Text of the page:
There are many news items that have recently made me question whether we are living in the 21st century.
One such example was the revelation that it is still legal in the UK to require that women wear high heels in the workplace. This all came to light when Nicola Thorp, who has since started a government petition to make it illegal for a company to require that women wear high heels at work, shared her story with the BBC about her first day at major accounting firm PwC. You can find the petition here.
Ms Thorp was told by Portico, the employment agency that runs PwC’s reception, that she would be sent home without pay if she refused to go out and buy heels. To add insult to injury, the firm also specified that the heels be between two to four inches high. Ms Thorp’s story has shone the spotlight on antiquated laws and highlighted the fact that discriminatory dress codes remain rife in the retail and tourism industries. Some of these practices require women to wear non-opaque tights and to not have visible regrowth from hair dying.
Under current UK legislation, employers can dismiss employees who fail to abide by “reasonable” dress code standards. But is requiring women to wear shoes that can cause serious and ongoing health issues, such as damage to foot joints and ongoing lower back, knee, ankle and hip pain a reasonable standard?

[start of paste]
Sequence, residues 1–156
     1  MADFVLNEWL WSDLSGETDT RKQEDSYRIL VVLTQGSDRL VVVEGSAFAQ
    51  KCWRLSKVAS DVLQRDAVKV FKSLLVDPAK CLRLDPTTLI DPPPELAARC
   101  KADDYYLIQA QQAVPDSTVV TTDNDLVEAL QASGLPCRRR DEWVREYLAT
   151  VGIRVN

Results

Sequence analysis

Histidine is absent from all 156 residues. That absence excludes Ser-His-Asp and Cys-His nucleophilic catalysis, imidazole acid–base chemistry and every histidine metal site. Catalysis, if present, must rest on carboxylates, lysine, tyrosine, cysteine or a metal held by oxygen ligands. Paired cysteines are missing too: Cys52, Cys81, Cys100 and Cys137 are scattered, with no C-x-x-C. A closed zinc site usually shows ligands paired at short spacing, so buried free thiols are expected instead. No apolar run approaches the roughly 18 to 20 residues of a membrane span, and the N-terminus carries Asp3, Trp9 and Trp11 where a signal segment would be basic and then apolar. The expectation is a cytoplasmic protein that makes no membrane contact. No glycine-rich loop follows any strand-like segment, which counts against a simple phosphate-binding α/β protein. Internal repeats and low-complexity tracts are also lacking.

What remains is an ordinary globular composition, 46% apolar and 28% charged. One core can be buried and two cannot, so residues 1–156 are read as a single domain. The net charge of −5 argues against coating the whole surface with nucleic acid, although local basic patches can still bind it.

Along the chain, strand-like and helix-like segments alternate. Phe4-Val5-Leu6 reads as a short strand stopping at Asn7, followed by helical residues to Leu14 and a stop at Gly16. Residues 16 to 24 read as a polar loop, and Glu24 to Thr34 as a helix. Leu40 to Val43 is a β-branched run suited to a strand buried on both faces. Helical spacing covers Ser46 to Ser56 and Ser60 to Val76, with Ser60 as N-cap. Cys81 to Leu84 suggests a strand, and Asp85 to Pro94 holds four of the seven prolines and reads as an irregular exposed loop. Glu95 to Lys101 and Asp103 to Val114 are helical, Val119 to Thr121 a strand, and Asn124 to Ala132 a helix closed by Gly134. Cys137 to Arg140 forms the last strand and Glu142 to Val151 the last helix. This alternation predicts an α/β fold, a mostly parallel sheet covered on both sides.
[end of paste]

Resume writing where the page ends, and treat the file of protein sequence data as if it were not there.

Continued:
Ms Thorp’s petition that would allow women to have the option of wearing flat formal shoes at work has received 152,420 signatures and was debated in Parliament on 6 March 2017. While the debate is non-binding, the government committed to take action to eliminate corporate dress codes that apply to women but not men, including high heel requirements. The government’s position is:
Company dress codes must be reasonable and must make equivalent requirements for men and women. This is the law and employers must abide by it.
Employers are entitled to set dress codes for their workforce but the law is clear that these dress codes must be reasonable. That includes any differences between the nature of rules for male and female employees, otherwise the company may be breaking the law. Employers should not be discriminating against women in what they require them to wear.
The Government takes this issue very seriously and will continue to work hard to ensure women are not discriminated in the workplace by outdated attitudes and practices.”
Already, Ms Thorp’s petition has seen Portico amend their dress code which is now gender-neutral and no longer requires women to wear high heels.
In male-dominated industries, there are already enough barriers to entry into the workforce for women, without the imposition of gendered dress codes. While employers are entitled to require a certain standard of professionalism in their dress standards, there is a definitive line between smartness and sexism.